COP19: Sub-national governments are the rising stars of climate action

21 November 2013

COP19 in Warsaw, Poland, runs from November 11-22, 2013. As part of our involvement in COP19, Damian Ryan our Senior Policy Manager, is providing news and analysis as well as live tweeting. Today Damian reports from the third day of COP19's second week, where The Climate Group hosted a meeting for its States and Regions Alliance

Damian writes:

What role should sub-national governments play in international climate negotiations? For many years, the answer from national governments has generally been ‘not a lot’.

Despite the regular (and growing) presence of sub-national and city governments as observers to UNFCCC talks over the years, the process has remained firmly focused on national-level actions.

In some regards this approach has made a lot of sense. A complicated intergovernmental process involving 190 odd countries really doesn’t need further complexity by expanding it to other levels of government.

Domestic politics has also played a part. Some national governments, nervous about independently minded regions, have been loathe to provide space or recognition for them at the international level.

Although other national governments have happily recognized and encouraged their sub-national brethren, the overall situation has been one where regions and cities have been seen but not heard.

Change however is afoot, with potentially far reaching and positive consequences.

The power of text

If not for the first time, then certainly in a way that significantly boosts their profile, the role of sub-national governments is increasingly being recognized in key UNFCCC negotiating text. In draft text released earlier in the week relating to the 2015 global deal, Parties “welcome and encourage…adaptation and mitigation actions…by subnational and local governments…”.

This language is hardly revolutionary, but its inclusion reflects years of hard work on the part of sub-national governments to have their role in combating climate change recognized at the international level.

It also reflects perhaps an admission of failure on the part of national governments. After years of incremental progress in the negotiations, there now seems to be a creeping realization among national governments that they will need all the help they can get to deal with climate impacts that are no longer just distant threats.

Climate action leaders

The good news is that there is much that international negotiators could be inspired by and learn from sub-national governments.

For a variety of reasons, states, regions and cities around the world have not been waiting for a global deal to take action. These governments face the realities of climate change on the practical level; for them the issue is not academic but grounded in the need to protect communities, support businesses, diversify economies and create jobs.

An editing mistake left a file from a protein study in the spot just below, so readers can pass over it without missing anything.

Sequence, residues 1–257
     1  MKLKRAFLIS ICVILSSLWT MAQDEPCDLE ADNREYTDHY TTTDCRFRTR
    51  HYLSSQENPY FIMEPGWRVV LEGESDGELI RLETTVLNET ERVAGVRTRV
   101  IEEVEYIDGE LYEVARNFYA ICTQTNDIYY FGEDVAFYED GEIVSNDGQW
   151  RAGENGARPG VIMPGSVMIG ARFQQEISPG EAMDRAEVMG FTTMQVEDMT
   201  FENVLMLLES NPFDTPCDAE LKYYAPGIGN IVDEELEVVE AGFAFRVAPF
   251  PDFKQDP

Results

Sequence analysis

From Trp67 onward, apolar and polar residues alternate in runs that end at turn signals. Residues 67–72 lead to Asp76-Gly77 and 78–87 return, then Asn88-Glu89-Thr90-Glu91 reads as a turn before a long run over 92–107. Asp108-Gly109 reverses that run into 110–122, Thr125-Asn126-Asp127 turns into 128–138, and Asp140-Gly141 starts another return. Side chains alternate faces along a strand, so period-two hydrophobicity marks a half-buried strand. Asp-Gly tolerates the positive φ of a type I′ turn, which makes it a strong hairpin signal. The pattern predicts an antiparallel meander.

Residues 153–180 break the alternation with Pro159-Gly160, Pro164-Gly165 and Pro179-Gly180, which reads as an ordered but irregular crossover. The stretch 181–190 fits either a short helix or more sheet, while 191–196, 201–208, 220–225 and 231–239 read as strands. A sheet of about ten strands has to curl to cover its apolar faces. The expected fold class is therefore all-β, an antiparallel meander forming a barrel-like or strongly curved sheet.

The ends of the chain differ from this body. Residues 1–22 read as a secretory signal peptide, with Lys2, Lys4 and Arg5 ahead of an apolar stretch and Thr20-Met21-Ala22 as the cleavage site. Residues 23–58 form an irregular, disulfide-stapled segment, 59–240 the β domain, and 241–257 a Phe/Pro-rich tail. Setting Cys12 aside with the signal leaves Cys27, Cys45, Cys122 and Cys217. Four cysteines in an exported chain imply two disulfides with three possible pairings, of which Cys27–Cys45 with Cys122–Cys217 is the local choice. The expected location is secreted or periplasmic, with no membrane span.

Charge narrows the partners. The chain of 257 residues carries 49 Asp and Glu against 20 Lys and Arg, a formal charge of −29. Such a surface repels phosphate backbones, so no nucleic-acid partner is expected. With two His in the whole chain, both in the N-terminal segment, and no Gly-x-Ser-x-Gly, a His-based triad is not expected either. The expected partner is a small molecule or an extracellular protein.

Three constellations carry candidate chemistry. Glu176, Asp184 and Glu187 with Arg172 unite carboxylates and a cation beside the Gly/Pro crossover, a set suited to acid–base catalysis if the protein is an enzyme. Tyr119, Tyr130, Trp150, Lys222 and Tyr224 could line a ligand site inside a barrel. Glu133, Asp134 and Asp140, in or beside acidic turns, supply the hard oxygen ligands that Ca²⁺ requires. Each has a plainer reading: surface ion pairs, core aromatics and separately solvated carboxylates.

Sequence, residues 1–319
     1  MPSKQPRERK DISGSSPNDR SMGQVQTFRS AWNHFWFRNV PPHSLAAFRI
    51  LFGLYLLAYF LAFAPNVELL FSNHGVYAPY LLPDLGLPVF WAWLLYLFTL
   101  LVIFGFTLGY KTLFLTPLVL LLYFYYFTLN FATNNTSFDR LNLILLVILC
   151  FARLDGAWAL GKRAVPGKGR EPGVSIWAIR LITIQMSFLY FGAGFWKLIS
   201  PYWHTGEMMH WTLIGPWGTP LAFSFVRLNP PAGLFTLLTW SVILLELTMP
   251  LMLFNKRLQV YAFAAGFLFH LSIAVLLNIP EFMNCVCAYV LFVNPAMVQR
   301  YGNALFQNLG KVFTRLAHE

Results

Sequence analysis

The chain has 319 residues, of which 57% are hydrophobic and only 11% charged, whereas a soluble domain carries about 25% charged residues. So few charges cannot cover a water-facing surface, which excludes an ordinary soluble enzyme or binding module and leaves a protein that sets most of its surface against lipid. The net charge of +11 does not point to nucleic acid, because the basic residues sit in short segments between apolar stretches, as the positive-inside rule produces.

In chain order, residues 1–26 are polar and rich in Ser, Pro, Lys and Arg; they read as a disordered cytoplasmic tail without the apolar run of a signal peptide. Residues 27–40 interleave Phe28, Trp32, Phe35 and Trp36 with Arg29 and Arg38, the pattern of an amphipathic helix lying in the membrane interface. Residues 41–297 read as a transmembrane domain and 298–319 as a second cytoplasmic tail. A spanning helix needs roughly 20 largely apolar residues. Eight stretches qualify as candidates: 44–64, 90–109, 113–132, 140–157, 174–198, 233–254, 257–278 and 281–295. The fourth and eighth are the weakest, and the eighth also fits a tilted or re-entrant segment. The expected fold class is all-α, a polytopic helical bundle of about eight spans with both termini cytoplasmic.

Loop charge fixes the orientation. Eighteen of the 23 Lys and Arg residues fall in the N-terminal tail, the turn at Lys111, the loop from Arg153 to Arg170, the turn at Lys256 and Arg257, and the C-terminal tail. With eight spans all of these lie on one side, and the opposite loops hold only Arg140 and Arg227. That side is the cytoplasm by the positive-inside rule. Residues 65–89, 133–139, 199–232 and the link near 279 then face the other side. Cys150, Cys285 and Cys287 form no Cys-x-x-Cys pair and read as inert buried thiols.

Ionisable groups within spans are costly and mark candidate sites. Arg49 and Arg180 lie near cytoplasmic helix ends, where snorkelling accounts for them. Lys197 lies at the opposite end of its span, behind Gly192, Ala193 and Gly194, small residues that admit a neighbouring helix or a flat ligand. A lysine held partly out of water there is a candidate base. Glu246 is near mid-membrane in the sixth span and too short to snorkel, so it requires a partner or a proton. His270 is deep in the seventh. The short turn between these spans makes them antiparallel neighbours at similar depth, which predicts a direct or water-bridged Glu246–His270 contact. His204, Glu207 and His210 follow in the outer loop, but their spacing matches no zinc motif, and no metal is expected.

Today (20 November) at a meeting of The Climate Group’s States and Regions Alliance in Warsaw, the governments of the Basque Country, Bavaria, Brittany, Catalonia, Kwazulu-Natal, North Rhine Westphalia, Ontario, Quebec, Rhone-Alpes, Sao Paulo, Scotland, South Australia, Upper Austria and Wales, laid out their latest low-carbon initiatives.

From inter-regional carbon trading, to complete phase out of coal fired power; from comprehensive climate legislation to genuinely ambitious emission reductions for 2020 through to 2050; and from incentives for electric vehicles to dramatic expansion in renewable energy, it is clear that sub-national governments are at the forefront of global mitigation efforts.

The irony for the UNFCCC process is that after years of being the poor cousin to national governments in the climate diplomacy hierarchy, states, regions and cities are now the rising stars when it comes to substantive, demonstrable action.

Much remains to be done of course, and the actions that still need to be taken are by no means easy – a fact that sub-national governments themselves will be the first to admit. But crucially the vision and ambition for change is there.

Tomorrow, leaders from the sub-national government community will have the opportunity to share their vision and ambition at a special High Level Dialogue with Ministers on sub-national actions. Such an exchange at the UNFCCC is long overdue, but hopefully a sign of a partnership that is so essential to affecting climate action globally.

Related news:

COP19: Role of business at Warsaw in the spotlight, as new guide launched

COP19: Hurricane Haiyan puts ‘loss and damage’ front and center

Days before COP19 in Warsaw begins, read our overview

Image by UNFCCC


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